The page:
Payback, comeback, former judge finds favour

Time of article published Jun 20, 2009

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By Angela Quintal

Former president Thabo Mbeki could probably tell you. So could President Jacob Zuma. It's an old cliche, but what goes around does come around, and if politicians can't be believed, just ask former judge Willem Heath.

The former corruption buster and head of the Special Investigating Unit was confirmed this week as Justice Minister Jeff Radebe's special adviser.

Radebe is Zuma's point man tasked with transforming the judiciary.

Given the dramatic developments of 2001 when he became persona non grata in Mbeki's ANC and was forced to start a new career as a consultant in the private sector aged 56, it must have been a sweet moment for the aggrieved Heath.

For 2001 was the year senior ANC leaders decided they were gatvol of being pushed around by Heath, who had begun investigating allegations of corruption in the arms deal.

Then ANC spokesman Smuts Ngonyama explained that the ANC had taken a "principled decision" to campaign against Heath's inclusion in a multi-agency probe into the arms deal, because of the "political role" he had assumed and a feeling that he was used by opposition parties to portray the ANC in a bad light.

The Constitutional Court judgment of November 2000, which ruled that a judge could not head the special investigating unit, was pounced on by the ANC as justification to exclude the Heath Special Investigating Unit from the multi-agency probe.

Four cabinet ministers responsible for the arms deal, including Trevor Manuel, Alec Erwin, Mosiuoa Lekota and ironically Radebe himself (then the public enterprises minister) went public with the cabinet's firm belief in the integrity of the controversial arms acquisition programme.

Zuma, the then head of government business, followed up with a stinging letter to the head of Parliament's standing committee on public accounts, Gavin Woods (IFP), who had asked for Heath to be included in the investigation.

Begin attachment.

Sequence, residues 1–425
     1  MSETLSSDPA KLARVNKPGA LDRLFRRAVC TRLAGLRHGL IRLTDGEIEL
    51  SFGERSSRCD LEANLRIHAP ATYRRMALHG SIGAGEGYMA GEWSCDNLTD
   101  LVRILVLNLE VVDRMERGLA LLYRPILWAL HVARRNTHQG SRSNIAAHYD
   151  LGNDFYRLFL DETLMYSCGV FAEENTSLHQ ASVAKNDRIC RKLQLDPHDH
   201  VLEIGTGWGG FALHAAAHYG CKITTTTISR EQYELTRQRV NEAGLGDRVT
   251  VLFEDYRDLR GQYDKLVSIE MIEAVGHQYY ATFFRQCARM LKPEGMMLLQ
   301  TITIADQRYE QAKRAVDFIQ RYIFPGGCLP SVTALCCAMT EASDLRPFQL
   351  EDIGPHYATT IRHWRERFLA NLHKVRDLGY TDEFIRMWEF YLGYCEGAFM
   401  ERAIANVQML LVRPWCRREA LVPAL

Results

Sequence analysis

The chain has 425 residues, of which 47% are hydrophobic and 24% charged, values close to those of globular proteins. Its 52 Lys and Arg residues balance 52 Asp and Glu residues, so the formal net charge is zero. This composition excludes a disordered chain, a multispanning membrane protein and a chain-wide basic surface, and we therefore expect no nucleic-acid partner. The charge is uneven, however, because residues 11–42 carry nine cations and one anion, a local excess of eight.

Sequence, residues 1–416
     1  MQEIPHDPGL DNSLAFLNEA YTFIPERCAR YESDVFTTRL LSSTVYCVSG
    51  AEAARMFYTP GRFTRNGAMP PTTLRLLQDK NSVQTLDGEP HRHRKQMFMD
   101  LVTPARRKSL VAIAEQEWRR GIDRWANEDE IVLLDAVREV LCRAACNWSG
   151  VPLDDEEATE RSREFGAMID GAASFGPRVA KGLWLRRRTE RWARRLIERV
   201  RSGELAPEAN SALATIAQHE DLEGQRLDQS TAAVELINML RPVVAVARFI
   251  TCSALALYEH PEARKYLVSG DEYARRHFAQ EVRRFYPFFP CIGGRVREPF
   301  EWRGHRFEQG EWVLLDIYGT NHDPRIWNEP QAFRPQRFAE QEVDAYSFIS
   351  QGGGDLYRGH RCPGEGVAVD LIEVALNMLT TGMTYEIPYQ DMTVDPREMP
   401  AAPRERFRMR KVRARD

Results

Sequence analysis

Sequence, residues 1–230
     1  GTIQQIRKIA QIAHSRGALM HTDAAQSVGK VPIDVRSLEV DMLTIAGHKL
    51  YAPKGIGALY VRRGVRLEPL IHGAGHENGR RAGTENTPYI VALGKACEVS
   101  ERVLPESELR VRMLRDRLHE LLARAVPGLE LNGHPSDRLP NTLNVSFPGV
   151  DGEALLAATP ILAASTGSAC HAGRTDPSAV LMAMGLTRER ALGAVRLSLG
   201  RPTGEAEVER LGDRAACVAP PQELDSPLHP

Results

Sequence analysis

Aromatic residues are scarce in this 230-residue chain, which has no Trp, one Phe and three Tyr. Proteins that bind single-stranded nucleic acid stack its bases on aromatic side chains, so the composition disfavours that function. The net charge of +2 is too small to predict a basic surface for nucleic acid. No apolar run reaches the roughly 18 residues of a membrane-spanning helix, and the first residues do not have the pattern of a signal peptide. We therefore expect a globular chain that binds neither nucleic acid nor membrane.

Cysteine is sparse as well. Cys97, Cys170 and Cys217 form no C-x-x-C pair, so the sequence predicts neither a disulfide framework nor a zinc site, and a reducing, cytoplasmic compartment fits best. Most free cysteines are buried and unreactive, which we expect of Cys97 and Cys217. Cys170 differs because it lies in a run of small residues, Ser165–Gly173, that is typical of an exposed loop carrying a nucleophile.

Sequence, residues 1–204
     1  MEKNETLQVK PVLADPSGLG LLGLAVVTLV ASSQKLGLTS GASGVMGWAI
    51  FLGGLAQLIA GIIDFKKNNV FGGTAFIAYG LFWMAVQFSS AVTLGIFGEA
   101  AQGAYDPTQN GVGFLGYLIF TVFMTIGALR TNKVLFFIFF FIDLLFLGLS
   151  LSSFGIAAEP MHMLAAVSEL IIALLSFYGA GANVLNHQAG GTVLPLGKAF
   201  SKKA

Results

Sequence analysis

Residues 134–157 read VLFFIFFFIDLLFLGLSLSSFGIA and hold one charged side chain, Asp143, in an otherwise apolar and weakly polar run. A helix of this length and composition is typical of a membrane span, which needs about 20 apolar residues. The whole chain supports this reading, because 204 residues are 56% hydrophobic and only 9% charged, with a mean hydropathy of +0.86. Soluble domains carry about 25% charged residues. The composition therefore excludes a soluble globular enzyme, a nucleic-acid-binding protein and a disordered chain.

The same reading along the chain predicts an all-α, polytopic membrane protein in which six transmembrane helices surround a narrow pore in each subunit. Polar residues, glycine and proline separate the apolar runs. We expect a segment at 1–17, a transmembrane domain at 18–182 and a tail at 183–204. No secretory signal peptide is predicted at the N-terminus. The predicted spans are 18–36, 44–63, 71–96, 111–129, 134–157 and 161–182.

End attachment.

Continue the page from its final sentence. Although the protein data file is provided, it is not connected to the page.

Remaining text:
Mbeki, who later admitted he was the letter's author, also went on national television to explain why the special investigating unit would not be included and launched an astonishing attack on Heath.

The writing was clearly on the wall. In April that year, Heath duly applied for a special discharge as a judge, but Mbeki refused. Heath had no choice but to resign, forfeiting his benefits in terms of the law, including a salary for life.

Armed with a reference from former president Nelson Mandela - who had appointed him to head the unit in 1997 - Heath set up a consultancy firm, based on his anti-corruption reputation.

He was asked to investigate Cape Town's street-renaming fiasco under then-mayor Peter Marais and continued to hog the headlines as the arms deal played out in Parliament and the courts.

In August 2003 - when news broke that Zuma was under investigation by the Scorpions for corruption - Heath was quoted as saying that the investigation into Zuma's financial affairs was either based on merit or was about "getting to a politician".

A month later, after then-National Prosecuting Authority head Bulelani Ngcuka announced that he would prosecute Zuma's former financial adviser Schabir Shaik, but not Zuma himself, Heath was quoted as saying that the decision was almost undoubtedly motivated by political or commercial interests as there were "no justifiable legal grounds for it".

Heath also expressed his concern in another interview about "the apparent insatiable appetite of the office of the Director of Public Prosecutions to persecute high-profile citizens and politicians whose commercial or political agendas are in opposition to certain people who can manipulate the course of justice".

Shaik duly went on trial and was convicted of corruption and fraud by Judge Hilary Squires.

Heath had been among the state witnesses.

Two weeks after Shaik's conviction - and exactly four years to the day that the cabinet accepted Heath's resignation - Mbeki fired Zuma as deputy president of the country ostensibly because he had been implicated in corruption in the Shaik trial. It was June 14, 2005.

Heath was still the enemy of the ANC but the ruling party had internal battles to fight that would consume it.

Heath's expertise, meanwhile, was sought by prominent businessmen who found themselves on the wrong side of the law, including mining magnates Roger and Brett Kebble and Jeff Levenstein, the former chief executive of the now defunct Regal Bank, who was recently convicted of fraud.

Like Zuma, the three businessmen all had problems with Ngcuka. Heath followed Zuma's example and submitted three separate complaints to Public Protector Lawrence Mushwana about Ngcuka.